Advanced elasticity/Polar decomposition

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Polar decomposition[edit | edit source]

The w:Polar decomposition theorem states that any second order tensor whose determinant is positive can be decomposed uniquely into a symmetric part and an orthogonal part.

In continuum mechanics, the deformation gradient is such a tensor because . Therefore we can write

where is an orthogonal tensor () and are symmetric tensors ( and ) called the right stretch tensor and the left stretch tensor, respectively. This decomposition is called the polar decomposition of .

Recall that the right Cauchy-Green deformation tensor is defined as

Clearly this is a symmetric tensor. From the polar decomposition of we have

If you know then you can calculate and hence using .

How do you find the square root of a tensor?[edit | edit source]

If you want to find given you will need to take the square root of . How does one do that?

We use what is called the spectral decomposition or eigenprojection of . The spectral decomposition involves expressing in terms of its eigenvalues and eigenvectors. The tensor product of the eigenvectors acts as a basis while the eigenvalues give the magnitude of the projection.


where are the principal values (eigenvalues) of and are the principal directions (eigenvectors) of .


Since the basis does not change, we then have

Therefore the can be interpreted as principal stretches and the vectors are the directions of the principal stretches.

Exercise:[edit | edit source]


show that

Example of polar decomposition[edit | edit source]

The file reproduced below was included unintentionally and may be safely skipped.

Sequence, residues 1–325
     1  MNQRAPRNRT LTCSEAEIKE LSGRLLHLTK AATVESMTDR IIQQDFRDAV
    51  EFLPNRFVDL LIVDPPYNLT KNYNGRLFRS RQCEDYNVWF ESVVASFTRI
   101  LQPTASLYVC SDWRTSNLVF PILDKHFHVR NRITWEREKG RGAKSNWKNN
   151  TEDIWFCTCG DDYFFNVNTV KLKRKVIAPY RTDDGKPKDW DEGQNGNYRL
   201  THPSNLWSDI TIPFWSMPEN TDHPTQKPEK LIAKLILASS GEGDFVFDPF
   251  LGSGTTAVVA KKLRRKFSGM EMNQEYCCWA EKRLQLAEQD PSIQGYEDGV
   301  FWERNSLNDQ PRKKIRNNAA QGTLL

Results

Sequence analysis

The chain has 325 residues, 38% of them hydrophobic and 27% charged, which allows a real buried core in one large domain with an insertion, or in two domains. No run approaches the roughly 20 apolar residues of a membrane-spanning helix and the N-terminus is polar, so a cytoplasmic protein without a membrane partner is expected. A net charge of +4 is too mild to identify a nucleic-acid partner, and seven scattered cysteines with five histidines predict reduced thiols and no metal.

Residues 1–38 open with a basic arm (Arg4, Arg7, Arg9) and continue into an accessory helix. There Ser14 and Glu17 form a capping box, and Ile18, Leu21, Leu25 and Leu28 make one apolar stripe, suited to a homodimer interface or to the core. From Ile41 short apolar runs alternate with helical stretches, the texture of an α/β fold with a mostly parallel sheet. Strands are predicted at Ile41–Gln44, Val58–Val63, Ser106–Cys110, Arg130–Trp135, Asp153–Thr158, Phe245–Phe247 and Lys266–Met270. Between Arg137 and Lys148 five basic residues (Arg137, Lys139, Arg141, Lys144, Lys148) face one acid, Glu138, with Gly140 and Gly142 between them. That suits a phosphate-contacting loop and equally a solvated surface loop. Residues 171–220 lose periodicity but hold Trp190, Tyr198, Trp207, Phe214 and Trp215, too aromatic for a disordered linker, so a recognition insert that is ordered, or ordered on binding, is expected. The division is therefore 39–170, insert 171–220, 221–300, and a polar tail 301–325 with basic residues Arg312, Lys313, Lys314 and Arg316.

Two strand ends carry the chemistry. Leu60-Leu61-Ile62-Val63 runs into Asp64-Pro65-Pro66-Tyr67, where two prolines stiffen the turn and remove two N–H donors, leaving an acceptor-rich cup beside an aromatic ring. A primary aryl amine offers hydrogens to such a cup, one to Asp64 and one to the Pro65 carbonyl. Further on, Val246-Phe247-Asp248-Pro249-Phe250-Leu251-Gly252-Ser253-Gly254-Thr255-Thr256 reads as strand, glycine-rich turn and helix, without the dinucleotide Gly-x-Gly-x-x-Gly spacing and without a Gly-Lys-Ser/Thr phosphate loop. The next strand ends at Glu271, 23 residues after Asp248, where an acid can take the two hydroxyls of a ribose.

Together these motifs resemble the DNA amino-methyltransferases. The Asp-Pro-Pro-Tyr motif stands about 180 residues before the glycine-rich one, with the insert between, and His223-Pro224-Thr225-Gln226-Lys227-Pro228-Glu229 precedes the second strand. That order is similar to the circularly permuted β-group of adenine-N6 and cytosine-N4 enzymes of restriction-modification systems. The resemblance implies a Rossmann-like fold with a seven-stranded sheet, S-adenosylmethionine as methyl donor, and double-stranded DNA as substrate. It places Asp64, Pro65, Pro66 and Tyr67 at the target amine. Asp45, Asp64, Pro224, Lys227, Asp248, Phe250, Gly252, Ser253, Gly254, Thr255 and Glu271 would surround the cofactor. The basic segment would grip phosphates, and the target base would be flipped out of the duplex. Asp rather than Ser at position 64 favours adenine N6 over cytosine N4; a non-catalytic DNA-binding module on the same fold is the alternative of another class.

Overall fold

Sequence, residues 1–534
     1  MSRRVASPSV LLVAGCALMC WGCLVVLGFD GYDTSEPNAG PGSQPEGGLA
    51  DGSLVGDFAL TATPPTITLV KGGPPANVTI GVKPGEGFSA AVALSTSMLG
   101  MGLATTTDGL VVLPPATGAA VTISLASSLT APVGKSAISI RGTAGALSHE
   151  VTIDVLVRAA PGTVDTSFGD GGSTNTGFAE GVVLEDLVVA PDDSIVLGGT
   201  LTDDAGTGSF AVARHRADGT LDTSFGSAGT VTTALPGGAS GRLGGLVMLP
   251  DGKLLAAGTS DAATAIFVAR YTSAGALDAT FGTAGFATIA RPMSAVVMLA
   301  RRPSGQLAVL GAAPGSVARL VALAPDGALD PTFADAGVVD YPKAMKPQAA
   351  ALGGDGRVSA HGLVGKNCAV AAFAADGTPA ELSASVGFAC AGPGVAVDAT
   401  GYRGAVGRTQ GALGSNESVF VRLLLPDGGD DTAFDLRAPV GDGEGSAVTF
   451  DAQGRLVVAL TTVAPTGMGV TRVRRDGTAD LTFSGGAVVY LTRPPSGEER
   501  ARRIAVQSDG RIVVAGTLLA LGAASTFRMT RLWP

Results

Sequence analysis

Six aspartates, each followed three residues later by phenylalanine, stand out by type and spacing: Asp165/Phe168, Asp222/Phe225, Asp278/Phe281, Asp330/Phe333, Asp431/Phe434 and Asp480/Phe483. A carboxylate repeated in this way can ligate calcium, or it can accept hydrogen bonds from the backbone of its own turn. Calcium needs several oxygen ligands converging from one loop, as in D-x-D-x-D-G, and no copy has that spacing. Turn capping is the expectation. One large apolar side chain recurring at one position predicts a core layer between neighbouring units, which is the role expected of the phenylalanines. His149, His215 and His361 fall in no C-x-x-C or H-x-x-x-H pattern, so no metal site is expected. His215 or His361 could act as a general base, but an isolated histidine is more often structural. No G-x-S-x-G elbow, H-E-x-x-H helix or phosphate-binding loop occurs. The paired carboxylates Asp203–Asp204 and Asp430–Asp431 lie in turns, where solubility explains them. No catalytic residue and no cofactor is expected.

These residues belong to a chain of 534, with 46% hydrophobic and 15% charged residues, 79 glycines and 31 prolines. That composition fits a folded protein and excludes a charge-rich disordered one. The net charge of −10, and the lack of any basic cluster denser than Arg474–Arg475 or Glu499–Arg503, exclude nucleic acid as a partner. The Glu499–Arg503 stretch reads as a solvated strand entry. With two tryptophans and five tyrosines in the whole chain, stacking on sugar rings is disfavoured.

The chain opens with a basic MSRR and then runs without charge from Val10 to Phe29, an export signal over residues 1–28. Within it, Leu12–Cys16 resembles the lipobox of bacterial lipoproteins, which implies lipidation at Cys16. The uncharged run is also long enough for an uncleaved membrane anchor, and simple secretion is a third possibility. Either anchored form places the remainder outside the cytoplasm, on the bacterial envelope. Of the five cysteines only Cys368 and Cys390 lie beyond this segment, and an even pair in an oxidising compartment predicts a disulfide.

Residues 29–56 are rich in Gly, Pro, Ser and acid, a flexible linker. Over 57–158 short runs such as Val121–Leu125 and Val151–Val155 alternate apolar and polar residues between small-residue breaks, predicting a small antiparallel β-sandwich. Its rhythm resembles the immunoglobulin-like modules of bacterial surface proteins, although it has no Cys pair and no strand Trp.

Let us assume that the motion is given by

The adjacent figure shows how a unit square subjected to this motion evolves over time.

An example of a motion.

Deformation gradient[edit | edit source]

The deformation gradient is given by


At at the position we have

You can calculate the deformation gradient at other points in a similar manner.

Right Cauchy-Green deformation tensor[edit | edit source]

We have


To compute we have to find the eigenvalues and eigenvectors of . The eigenvalue problem is


To find the eigenvalues we solve the characteristic equation

Plugging in the numbers, we get


This equation has two solutions

Taking the square roots we get the values of the principal stretches

To compute the eigenvectors we plug into the eigenvalues into the eigenvalue problem to get

Because this system of equations is not linearly independent, we need another equation to solve this system of equations for and . This problem is eliminated by using the following equation (which implies that is a unit vector)

Solving, we get

We can do the same thing for the other eigenvector to get




We usually don't see any problem to calculate at this point and go straight to the right stretch tensor.

Right stretch[edit | edit source]

The right stretch tensor is given by


We can invert this matrix to get

Rotation[edit | edit source]

We can now find the rotation matrix by using th relation

In matrix form,

You can check whether this matrix is orthogonal by seeing whether .

You thus get the polar decomposition of . In an actual calculation you have to be careful about floating point errors. Otherwise you might not get a matrix that is orthogonal.